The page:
To think about everything in relation to God is to think about all things enjoying the overflow of the Father’s love for the Son, the Son’s faithfulness to the Father and the Spirit’s presence and power, among much else. The decisions we make have to take account of the priority of relationships because God is fundamentally about relationships. This one simple truth has profound consequences. Decisions which exploit others, or devalue others, or treat others as simply a means to an end (‘punters’, ‘consumers’, ‘participants’ etc.) are not decisions that have been thought through theologically. If God is as he is, loving, self-giving relationships take on an importance that can reshape what we do.
A second important truth about God is that he and he alone is the Creator. There are, when everything else is boiled down, only two realities in the universe: the Creator and everything he has created. Everything depends upon God for its existence and for its continuing existence. God depends on nothing other than himself for his existence. He has life in himself (John 5:26), while we all have life as a gift from him (Acts 17:25). We will never cease being God’s creatures. Even at the end, when all things are brought to the conclusion God intended from the beginning, we will not transcend that fundamental distinction between the Creator and the creation. Alongside a deep and unavoidable dependence upon him, this distinction reminds us of an inescapable accountability to him.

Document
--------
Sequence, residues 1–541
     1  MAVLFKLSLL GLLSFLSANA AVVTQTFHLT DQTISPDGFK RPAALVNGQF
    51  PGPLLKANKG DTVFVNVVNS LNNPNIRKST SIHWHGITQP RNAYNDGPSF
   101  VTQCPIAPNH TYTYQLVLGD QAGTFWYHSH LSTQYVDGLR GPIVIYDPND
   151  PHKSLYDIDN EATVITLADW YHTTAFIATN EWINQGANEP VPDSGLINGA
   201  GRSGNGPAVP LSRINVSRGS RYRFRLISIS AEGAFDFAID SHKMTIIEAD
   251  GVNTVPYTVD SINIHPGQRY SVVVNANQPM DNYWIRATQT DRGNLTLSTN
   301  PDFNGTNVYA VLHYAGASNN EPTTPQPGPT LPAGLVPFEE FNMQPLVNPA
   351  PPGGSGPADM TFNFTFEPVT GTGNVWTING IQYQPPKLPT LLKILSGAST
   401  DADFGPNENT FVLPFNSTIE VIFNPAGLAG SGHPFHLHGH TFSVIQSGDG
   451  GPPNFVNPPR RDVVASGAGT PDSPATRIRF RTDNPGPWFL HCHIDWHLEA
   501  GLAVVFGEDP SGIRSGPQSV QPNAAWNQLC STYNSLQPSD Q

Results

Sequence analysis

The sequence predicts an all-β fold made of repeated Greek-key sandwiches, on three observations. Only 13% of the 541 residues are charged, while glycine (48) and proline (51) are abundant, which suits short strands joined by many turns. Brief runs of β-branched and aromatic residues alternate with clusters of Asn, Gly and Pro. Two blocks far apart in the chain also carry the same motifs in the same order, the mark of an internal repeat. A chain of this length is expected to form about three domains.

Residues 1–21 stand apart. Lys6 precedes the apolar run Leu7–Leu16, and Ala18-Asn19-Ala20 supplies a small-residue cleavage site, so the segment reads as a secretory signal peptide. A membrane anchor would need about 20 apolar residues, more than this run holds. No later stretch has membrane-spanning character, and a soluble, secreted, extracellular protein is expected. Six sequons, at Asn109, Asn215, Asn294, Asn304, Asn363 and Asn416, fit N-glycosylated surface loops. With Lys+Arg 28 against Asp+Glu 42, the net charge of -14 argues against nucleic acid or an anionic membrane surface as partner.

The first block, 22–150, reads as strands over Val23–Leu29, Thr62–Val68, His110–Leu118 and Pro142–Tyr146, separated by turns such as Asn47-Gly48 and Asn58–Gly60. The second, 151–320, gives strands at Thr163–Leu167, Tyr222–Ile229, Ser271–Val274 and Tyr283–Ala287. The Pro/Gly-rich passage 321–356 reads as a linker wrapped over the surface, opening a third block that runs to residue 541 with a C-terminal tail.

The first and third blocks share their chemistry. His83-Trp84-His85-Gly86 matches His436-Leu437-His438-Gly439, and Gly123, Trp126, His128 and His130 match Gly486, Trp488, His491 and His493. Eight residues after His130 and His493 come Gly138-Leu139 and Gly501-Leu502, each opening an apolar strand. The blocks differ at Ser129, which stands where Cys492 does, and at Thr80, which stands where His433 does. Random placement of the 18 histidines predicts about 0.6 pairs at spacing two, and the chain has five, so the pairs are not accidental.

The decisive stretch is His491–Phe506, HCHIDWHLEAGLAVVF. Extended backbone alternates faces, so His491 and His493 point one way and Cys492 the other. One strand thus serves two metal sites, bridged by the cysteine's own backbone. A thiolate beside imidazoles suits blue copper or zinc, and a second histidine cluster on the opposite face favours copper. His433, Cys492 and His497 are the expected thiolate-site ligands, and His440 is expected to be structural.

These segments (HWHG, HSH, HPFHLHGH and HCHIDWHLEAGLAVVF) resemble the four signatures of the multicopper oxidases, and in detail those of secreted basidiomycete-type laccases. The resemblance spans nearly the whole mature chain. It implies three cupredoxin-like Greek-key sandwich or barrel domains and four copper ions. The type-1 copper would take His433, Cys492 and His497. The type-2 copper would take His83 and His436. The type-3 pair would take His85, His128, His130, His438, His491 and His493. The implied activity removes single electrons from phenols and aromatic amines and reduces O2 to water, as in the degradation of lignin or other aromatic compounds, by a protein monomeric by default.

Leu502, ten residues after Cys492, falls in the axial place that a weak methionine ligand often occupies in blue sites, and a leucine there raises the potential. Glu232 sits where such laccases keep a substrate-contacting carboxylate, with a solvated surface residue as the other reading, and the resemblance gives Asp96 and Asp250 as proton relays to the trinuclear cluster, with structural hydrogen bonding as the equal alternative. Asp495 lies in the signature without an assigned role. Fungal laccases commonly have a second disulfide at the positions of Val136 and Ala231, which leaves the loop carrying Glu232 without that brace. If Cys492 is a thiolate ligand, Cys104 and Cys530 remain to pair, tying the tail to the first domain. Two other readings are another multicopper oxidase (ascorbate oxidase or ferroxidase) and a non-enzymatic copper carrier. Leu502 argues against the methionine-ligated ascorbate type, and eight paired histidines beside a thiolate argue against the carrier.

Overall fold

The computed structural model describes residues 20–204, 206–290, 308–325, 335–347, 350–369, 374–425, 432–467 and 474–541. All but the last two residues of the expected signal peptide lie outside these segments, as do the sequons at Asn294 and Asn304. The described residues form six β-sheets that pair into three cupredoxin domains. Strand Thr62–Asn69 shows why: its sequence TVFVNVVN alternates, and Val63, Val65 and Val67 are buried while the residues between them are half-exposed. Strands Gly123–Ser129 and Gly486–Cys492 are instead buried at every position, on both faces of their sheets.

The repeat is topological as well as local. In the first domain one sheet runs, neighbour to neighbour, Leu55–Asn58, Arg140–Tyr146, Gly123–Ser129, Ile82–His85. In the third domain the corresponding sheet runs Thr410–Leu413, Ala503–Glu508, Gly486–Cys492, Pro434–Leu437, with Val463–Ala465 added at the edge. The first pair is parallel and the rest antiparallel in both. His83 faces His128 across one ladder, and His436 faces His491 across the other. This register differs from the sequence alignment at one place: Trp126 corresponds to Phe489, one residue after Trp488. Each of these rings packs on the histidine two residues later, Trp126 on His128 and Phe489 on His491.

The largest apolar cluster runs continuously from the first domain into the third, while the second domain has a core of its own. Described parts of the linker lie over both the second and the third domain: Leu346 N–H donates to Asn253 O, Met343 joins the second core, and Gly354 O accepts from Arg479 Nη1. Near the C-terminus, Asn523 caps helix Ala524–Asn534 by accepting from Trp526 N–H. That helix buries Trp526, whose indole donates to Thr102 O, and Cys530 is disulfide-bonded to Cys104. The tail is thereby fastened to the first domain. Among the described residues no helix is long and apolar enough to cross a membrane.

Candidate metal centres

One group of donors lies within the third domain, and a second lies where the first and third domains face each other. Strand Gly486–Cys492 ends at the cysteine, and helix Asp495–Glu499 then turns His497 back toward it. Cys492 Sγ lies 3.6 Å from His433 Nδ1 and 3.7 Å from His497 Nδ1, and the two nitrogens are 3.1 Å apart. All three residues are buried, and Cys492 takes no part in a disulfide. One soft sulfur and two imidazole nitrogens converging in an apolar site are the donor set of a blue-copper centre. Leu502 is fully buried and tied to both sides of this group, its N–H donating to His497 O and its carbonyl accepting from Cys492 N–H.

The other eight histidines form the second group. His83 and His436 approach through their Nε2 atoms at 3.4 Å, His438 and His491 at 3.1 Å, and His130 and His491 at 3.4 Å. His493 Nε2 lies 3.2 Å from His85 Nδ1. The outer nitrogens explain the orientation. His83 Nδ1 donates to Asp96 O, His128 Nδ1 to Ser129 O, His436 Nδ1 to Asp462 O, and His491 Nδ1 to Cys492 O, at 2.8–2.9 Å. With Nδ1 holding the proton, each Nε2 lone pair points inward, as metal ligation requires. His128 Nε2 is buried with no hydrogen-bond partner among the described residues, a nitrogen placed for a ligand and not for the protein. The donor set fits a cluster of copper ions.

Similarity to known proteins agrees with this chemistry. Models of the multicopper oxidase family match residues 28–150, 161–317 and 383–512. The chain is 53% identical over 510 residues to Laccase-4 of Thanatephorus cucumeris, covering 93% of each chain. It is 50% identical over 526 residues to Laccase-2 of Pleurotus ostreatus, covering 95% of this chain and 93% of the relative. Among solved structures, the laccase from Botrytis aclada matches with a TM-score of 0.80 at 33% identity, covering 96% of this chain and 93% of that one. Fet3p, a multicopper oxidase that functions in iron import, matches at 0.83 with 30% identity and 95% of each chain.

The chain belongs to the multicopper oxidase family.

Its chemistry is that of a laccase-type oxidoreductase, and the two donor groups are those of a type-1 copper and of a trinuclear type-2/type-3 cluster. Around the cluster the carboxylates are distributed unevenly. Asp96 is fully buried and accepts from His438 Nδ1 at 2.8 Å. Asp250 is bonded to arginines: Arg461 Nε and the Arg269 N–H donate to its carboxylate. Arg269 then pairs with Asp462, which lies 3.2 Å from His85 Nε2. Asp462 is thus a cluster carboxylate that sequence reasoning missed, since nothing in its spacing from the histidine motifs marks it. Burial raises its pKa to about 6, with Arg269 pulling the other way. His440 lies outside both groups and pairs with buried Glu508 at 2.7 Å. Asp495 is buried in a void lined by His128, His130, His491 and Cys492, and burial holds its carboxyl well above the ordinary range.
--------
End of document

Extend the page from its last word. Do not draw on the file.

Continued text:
The Creator alone has the right to order the creation according to his will. He has expressed his mind on how we ought to respond to him and how we ought to behave towards each other. He has made quite clear that all things have been created through, by and for Jesus (Col. 1:16). He has told us of his intention for men and women in marriage (Matt. 19:4–6), for integrity and generosity in our business dealings with each other (Mic. 6:11), for the sanctity of human life (Gen. 9:6), and for a priority borne of the urgent need for gospel proclamation in a lost and broken world (John 4:35; Matt. 24:14). Human beings have a long track record of seeking to set up their own agenda, of refashioning priorities, relationships and much else to serve our own interests. Yet we do so always as creatures who must one day give account to our Creator (2 Cor. 5:10). To insist we know better than the Creator is just plain foolishness when seen in that light.
To think of everything in relation to God is to remember that he is the Creating Lord and we are those he has made and are sustained by him. It means he must set the agenda and he has a right to tell us how things do and should work in the world he has created. His word becomes critically important in all our thinking and decision making, even challenging the enlightened consensus of today’s opinion makers. He determines what are appropriate ministry priorities, what is an appropriate pastoral response to the varied situations and conditions that we encounter, and how we should live in a world which is always finding new ways to assert its independence of him with the breath, the heartbeats and the brainwaves he graciously gives them.